As a sophomore it was well know that he was going to be a star for one of the state's most consistent programs. But after seeing his junior year almost completely lost due to injury there was a lull for Stanvon Taylor; some doubted how well he would come back from the injury and if he could be the same explosive players that he was early in his career.
14 games, 67, receptions, 1,107 yards, a state championship game berth, and it's safe to say that Taylor made his way back and beyond the player many expected when he was earmarked for greatness as just a freshman. Four years later SoonerScoop.com has pegged Taylor as the state Player of the Year.
Perhaps as amazing as anything is that while Taylor was fighting through his own injury and trying to return the only coach he'd ever known in high school was, somewhat unceremoniously, relieved of his duties only to see his replacement fired just weeks later for off field transgressions.
In walked Bobby Klinck, who as a Gatorade player of the year at Jenks in 2001 is an Oklahoma prep legend in his own right, to try and get a tumultuous offseason underway for a team that many thought had the ability to compete for a 5A state title.
"Oh man, it was a bit of adjustment, just coming in and playing under a new coaching staff because I'd played for the previous staff for the three years I'd been there," Taylor said. "I just told myself either way it goes whether it's a coach I want there or a coach that has taken the job. At the time when we didn't have a coach, I worked out and we got with other guys. We just said 'we have to stick together' and we worried about controlling what we can control. We were the ones playing on the field. They were coaching us and all we could do was work on our personal things and get better - bigger and stronger."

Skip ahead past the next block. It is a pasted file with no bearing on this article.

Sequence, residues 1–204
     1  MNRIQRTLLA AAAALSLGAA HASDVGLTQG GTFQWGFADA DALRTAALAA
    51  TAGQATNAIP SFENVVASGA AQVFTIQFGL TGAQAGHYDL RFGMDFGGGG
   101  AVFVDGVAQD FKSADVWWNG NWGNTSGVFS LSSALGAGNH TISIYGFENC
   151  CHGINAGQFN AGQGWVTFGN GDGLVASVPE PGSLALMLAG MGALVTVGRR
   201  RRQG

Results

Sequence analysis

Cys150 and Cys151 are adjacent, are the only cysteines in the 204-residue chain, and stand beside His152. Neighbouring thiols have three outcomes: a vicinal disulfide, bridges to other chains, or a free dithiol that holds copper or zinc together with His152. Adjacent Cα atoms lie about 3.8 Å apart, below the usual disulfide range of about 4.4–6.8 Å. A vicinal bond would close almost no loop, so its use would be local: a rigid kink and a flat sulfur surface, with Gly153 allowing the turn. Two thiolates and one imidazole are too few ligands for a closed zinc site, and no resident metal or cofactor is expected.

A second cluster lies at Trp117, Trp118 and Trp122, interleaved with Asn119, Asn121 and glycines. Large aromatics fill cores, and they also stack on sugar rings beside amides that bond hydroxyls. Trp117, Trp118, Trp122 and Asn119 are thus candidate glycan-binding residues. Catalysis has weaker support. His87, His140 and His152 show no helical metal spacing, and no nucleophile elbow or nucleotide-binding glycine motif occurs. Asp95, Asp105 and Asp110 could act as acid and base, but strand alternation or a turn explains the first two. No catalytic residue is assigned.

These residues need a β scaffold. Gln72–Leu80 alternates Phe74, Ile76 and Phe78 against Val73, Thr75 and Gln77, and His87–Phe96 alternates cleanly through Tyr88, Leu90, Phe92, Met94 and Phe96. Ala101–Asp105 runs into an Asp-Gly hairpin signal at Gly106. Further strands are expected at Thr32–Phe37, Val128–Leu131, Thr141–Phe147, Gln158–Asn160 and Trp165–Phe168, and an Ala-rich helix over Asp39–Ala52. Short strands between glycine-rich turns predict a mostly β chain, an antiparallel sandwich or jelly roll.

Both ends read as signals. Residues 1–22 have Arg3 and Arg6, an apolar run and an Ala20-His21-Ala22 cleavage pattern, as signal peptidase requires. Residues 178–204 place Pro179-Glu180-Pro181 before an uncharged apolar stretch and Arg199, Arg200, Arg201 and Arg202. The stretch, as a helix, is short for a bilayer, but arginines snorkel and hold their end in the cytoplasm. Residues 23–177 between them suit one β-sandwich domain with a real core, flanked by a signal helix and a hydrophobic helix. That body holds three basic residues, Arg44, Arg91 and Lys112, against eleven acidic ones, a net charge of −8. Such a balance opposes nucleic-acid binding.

While other players put up similar stats to Taylor few did it under the constant microscope of being committed to a major program and walking around with a target on their back. The 5-foot-11, 165-pound prospect made it clear he wasn't going anywhere during an impressive run through several summer camps last year, including the RivalsChallenge and Gridiron Kings.
"It was a good thing, like I've said before, it was a great opportunity for me to have a chance to show my talent. I didn't have some of the rankings those guys did, I didn't get out to the camp circuit like they did. Once I got to compete I wanted to show everybody that I could play with the top ranked players in the nation. I just did what I did and it proved for itself," he said.
He then followed that up with a senior year that, with the exception of a state title, couldn't have gone more smoothly for an East Central team that bullied it's way to the state title game before coming up just short against fellow 5A powerhouse Carl Albert.
Regardless though, Taylor says his senior year may have been born from chaos but is something he'll never forget.
"It was a great (season). Even coming up short, I was blessed and thankful to be there and make it that far with everything going on. I mean the lack of players, we had 26 seniors and everybody playing both sides of the ball, our quarterback was the only underclassmen out there. Every part of the game, it was just something we had to do and come together and felt like we had a great senior season. I'm just thankful," Taylor confessed.
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